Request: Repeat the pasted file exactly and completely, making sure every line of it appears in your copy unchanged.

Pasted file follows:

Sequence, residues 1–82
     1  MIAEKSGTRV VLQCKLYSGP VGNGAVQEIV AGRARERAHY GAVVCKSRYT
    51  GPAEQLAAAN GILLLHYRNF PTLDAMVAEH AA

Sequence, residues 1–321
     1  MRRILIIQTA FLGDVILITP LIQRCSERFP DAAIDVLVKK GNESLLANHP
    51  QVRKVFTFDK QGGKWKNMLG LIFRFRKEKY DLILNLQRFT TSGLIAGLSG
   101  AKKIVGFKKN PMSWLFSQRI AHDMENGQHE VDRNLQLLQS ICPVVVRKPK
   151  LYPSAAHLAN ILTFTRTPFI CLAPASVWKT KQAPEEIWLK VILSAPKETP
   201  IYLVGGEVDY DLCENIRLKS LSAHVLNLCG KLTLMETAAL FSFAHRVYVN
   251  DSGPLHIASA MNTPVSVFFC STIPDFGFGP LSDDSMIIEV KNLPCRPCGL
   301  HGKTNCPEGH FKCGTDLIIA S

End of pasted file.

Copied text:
Sequence, residues 1–82
     1  MIAEKSGTRV VLQCKLYSGP VGNGAVQEIV AGRARERAHY GAVVCKSRYT
    51  GPAEQLAAAN GILLLHYRNF PTLDAMVAEH AA

Sequence, residues 1–321
     1  MRRILIIQTA FLGDVILITP LIQRCSERFP DAAIDVLVKK GNESLLANHP
    51  QVRKVFTFDK QGGKWKNMLG LIFRFRKEKY DLILNLQRFT TSGLIAGLSG
   101  AKKIVGFKKN PMSWLFSQRI AHDMENGQHE VDRNLQLLQS ICPVVVRKPK
   151  LYPSAAHLAN ILTFTRTPFI CLAPASVWKT KQAPEEIWLK VILSAPKETP
   201  IYLVGGEVDY DLCENIRLKS LSAHVLNLCG KLTLMETAAL FSFAHRVYVN
   251  DSGPLHIASA MNTPVSVFFC STIPDFGFGP LSDDSMIIEV KNLPCRPCGL
   301  HGKTNCPEGH FKCGTDLIIA S